S.3447 GI Bill Reform = GI Bill Cuts

21

I called my dad the other day when I heard the good news. “Dad, guess what? I just read how the government fixed the GI Bill by cutting benefits to all veterans using educational benefits. Surprise!” But, all veterans on almost every educational and rehabilitation program will see their total yearly stipend payouts dip because “Interval Pay” (pay between terms like Fall and Spring) has been almost completely cut. For full-time students attending year round, the yearly cut will be approximately 20 percent. So, a GI Bill veteran receiving $1,300 per month will really receive $1,050 per month when you average in 12 months of stipend after subtracting 10 weeks of previously received interval pay. A Pre-9/11 veteran with no dependents using Chapter 31 Vocational Rehabilitation and Employment will see $554 drop to $450, over 12 months. No wonder the Act was able to get passed last December. They scalped $2 billion off the price tag. Yet another way America thanks you and your family for your sacrifices. Just don’t let the door hit you on the way out.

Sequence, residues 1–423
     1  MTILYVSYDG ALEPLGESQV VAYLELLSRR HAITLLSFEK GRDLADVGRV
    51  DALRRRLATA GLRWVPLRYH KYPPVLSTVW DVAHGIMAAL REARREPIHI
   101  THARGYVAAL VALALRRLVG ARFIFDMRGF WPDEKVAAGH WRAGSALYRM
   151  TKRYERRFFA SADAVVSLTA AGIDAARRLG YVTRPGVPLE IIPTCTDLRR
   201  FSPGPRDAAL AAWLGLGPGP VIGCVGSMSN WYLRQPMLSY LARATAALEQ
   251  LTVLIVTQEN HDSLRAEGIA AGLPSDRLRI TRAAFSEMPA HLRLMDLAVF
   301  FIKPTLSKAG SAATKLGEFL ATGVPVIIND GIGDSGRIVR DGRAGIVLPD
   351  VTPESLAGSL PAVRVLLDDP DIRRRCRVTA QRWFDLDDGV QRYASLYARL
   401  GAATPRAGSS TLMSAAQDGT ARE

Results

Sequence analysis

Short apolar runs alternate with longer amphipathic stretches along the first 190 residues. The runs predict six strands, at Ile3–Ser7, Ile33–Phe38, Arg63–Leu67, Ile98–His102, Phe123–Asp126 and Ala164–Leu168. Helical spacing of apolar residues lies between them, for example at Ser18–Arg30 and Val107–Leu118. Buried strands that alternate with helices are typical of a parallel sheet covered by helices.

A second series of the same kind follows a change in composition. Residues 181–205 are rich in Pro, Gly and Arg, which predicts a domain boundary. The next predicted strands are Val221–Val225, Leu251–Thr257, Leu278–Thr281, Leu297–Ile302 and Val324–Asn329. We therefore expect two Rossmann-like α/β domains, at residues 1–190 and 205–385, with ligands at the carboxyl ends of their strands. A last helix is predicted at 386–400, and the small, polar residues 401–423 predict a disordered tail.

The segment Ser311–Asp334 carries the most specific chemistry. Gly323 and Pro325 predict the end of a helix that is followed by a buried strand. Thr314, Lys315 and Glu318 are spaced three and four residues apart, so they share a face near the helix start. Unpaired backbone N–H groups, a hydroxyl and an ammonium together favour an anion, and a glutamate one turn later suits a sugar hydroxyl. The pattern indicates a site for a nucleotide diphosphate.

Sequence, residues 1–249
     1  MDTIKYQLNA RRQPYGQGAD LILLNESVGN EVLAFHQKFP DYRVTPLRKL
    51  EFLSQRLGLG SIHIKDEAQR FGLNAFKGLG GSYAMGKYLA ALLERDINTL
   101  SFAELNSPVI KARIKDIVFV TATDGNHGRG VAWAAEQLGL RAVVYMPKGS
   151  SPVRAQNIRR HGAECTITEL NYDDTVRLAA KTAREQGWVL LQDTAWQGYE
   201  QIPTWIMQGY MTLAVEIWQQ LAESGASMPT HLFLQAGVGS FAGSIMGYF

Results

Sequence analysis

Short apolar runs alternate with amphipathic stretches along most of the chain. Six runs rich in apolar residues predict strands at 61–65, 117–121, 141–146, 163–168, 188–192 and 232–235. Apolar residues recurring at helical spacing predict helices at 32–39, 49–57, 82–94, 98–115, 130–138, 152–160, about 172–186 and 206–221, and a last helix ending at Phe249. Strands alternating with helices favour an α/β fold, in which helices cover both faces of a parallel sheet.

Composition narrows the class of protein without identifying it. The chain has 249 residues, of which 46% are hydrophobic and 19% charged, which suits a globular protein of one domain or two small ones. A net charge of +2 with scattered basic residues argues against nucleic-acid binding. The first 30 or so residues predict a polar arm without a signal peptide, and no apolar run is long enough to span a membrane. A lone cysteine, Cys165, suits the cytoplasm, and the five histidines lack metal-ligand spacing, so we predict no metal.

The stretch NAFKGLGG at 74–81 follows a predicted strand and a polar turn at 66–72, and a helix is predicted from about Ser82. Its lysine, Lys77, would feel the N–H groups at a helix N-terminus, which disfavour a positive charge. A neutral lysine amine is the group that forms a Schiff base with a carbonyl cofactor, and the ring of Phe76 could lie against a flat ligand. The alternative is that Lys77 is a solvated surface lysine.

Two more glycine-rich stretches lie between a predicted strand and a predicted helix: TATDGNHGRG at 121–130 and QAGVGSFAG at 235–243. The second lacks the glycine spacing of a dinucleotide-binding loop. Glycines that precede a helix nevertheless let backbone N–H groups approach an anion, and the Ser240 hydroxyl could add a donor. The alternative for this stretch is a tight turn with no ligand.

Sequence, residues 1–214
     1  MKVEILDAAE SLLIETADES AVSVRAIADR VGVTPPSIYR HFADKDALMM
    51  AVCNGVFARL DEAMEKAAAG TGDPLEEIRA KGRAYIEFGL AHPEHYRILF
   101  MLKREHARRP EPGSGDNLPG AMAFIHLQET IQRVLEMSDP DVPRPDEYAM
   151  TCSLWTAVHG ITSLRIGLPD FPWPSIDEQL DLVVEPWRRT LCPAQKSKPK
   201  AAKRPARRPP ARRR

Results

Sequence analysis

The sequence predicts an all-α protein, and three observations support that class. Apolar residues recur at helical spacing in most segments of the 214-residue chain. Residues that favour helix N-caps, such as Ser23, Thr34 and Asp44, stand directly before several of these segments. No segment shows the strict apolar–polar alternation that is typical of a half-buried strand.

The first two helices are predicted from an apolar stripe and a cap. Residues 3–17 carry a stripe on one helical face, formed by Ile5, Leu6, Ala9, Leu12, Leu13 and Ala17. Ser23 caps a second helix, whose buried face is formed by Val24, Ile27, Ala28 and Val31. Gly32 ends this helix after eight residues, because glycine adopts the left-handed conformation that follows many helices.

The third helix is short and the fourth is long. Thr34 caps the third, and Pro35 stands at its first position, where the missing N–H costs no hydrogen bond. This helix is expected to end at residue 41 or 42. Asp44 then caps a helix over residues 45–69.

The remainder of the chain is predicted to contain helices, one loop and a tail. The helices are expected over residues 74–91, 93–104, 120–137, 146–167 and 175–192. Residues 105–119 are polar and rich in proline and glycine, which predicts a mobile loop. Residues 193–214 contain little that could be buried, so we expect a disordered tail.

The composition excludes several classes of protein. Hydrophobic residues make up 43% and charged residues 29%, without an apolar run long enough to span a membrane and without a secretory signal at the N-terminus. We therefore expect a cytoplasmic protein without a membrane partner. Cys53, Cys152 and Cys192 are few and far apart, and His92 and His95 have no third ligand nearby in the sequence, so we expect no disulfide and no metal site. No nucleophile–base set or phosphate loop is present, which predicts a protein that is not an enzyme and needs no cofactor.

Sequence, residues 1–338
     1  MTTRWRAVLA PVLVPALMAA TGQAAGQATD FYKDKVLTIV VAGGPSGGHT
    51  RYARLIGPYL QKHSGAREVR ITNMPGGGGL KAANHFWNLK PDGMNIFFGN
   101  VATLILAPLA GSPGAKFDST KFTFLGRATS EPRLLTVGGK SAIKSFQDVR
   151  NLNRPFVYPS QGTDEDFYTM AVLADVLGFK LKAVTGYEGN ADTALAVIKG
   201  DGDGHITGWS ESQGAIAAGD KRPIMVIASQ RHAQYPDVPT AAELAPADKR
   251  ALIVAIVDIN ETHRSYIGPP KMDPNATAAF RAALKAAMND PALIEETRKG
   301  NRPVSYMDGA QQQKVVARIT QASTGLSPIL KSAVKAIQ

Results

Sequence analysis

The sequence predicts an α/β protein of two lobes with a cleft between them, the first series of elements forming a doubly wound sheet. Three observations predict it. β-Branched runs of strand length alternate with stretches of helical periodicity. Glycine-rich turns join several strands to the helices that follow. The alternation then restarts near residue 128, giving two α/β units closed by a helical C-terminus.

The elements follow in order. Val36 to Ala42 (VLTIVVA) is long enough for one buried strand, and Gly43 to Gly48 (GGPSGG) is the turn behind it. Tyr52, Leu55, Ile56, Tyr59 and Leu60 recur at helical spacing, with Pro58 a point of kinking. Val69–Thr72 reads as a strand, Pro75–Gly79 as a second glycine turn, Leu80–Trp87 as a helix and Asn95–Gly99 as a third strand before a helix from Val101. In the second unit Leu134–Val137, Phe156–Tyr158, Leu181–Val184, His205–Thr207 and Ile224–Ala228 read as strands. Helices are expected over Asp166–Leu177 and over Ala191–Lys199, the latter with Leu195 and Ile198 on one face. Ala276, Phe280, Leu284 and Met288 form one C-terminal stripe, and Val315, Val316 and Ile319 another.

What does this mean? On average, a veteran attending college year round will have 10 weeks per year between classes. The Act cuts all interval payments between classes except for national emergencies and Executive Order, removing the old standard that paid a stipend over shorter breaks between fall, spring and summer semesters, for full-time students. When aggregated, the GI Bill veteran loses $3,000 per year, decreasing the $1,300 stipend to $1,050 per month. The Pre-9/11 Voc Rehab veteran loses $1,300 per year, decreasing the $554 stipend to $450 per month. And sadly, the Pre-9/11 veterans don’t even get to take advantage of any of the Act’s benefits. Not one.

The math. GI Bill stipend avg: 12 months x $1,300 = $15,600. $15,600 / 52 weeks per year = $300 per week. Weeks of transition: 4 between Fall/Spring; 3 between Spring/Summer; 3 between Summer/Fall = 10 weeks. 10 weeks x $300 = $3,000 per year reduction.